Fascinating. Are you familiar with Neurofeedback? It's a therapy which involves "training" frequencies with in the brain using a visual or auditory reward. My daughters have utilized this type of therapy in an attempt to get their beta waves down within normal ranges. If you ever come across a study talking about how meditation effects beta waves, I would very much appreciative it if you forward it to me.

    [MENTION=251]Wyote[/MENTION]: you mentioned in your blog that you started meditating as a child, age six I think. Did your parents meditate? Growing up did you notice a difference between how you reacted to things as opposed to your peers?
     
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  14. Wyote

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    Yea my parents actually lived with Maharishi for a while before I was born. They did TM and so they put me in some TM stuff (I wanted to do it though, they did not force me at all) and later they got into Centering Prayer which I also did with them. They have run workshops on it which I've attended as well.

    The main difference looking back now was that I was much more patient than my peers. I don't get anxious waiting and I've never had a negative attitude for very long. If something doesn't go my way I'll get upset but I have also usually been able to let it go sooner than my peers.
     
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    #14 Wyote, Oct 15, 2010
    Last edited: Oct 15, 2010
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  15. anica

    anica dark dreamer
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    I haven't tried either of those forms of meditation, but the first one especially sounds really cool. Thanks for the link. I'm going to check it out.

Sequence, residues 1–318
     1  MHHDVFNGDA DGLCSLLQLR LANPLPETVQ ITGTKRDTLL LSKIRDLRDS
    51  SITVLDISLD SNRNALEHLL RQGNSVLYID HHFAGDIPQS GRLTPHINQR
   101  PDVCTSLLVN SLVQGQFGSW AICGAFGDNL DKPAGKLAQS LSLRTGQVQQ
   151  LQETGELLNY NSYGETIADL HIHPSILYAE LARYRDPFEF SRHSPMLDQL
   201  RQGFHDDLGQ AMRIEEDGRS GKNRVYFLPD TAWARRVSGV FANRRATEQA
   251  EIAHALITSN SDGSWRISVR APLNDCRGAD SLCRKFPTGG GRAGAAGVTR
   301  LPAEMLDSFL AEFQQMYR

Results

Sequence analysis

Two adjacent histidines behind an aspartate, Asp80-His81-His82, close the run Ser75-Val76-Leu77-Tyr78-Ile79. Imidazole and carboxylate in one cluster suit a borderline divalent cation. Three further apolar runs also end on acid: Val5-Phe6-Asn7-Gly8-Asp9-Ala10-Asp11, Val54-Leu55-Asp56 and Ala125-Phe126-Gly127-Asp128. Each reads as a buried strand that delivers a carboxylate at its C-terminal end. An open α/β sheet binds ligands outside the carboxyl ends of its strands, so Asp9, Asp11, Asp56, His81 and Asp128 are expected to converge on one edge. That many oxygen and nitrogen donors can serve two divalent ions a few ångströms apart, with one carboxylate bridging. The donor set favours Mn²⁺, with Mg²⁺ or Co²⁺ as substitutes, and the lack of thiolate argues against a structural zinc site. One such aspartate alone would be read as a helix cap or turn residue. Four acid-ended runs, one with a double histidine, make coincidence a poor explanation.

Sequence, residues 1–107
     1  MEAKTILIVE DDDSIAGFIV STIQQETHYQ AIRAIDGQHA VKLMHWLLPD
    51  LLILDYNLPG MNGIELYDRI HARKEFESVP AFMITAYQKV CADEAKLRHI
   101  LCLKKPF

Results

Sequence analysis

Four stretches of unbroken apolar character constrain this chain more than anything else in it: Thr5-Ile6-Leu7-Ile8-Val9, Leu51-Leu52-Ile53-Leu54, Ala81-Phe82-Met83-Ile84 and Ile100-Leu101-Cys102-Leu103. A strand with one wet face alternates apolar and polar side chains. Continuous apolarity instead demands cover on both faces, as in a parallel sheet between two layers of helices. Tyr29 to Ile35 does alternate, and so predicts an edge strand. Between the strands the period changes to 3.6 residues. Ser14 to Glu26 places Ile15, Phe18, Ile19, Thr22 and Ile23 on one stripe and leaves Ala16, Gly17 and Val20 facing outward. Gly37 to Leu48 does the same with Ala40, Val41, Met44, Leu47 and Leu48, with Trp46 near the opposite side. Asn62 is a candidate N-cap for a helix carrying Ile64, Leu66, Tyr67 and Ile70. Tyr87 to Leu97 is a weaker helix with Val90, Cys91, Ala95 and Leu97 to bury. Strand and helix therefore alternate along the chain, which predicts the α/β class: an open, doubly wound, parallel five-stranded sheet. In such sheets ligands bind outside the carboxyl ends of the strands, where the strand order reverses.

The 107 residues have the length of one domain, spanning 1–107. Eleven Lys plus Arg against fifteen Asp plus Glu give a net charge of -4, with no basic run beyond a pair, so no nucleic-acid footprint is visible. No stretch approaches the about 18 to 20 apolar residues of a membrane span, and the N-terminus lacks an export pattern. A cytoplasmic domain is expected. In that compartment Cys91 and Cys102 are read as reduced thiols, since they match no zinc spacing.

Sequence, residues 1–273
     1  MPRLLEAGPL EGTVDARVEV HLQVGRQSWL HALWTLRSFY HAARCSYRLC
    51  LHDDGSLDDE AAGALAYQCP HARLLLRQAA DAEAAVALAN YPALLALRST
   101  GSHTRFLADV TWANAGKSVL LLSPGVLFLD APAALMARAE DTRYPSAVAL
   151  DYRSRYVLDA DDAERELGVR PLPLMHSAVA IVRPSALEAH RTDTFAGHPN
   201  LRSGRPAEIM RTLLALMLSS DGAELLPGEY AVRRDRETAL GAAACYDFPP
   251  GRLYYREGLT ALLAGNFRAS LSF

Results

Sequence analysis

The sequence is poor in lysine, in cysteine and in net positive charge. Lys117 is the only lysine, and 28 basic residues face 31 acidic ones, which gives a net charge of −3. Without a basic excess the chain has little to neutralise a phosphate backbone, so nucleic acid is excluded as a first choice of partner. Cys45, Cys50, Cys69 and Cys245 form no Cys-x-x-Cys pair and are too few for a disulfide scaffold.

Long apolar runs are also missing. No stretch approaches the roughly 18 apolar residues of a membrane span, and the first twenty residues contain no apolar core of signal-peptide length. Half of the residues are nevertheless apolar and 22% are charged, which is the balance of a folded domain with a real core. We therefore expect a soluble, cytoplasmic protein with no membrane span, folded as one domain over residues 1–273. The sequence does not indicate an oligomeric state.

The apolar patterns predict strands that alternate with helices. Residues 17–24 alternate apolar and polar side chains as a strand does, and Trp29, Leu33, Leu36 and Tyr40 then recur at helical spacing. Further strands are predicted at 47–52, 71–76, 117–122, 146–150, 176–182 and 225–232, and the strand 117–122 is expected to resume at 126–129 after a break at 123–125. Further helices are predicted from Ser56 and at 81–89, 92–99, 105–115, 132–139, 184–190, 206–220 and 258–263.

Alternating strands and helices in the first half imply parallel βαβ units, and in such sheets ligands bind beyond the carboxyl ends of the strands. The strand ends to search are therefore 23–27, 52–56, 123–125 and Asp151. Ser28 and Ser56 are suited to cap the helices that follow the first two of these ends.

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  16. anica

    anica dark dreamer
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    Wyote, you must have the world's coolest parents. We could definitely use you at the congregate facility.
     
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  17. Wyote

    Wyote Xenoi
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    Yea, it's kind of ridiculous how awesome they are actually =)
     
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  18. OP
    NeverAmI

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    [MENTION=2716]Norwich[/MENTION]

    In the following article they use an EEG to study the brain-wave activity. They are focusing on Gamma level waves which are a step up in frequency from Beta.

    http://www.washingtonpost.com/wp-dyn/articles/A43006-2005Jan2.html

    I haven't heard anything about neurofeedback, I will have to check it out. Thank you!
     
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  19. Norwich

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    How cool! I would love to attend one of those workshops. For a while I was very interested in Centering Prayer. Left several messages with the Center for Lay Contemplatives here in my area. No one ever returned my calls.:(
     
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  20. OP
    NeverAmI

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    I think one of the most fascinating topics in neuroscience right now is the concept of neurons communicating over electromagnetic frequencies when not directly connected.

    This article goes over some of the details.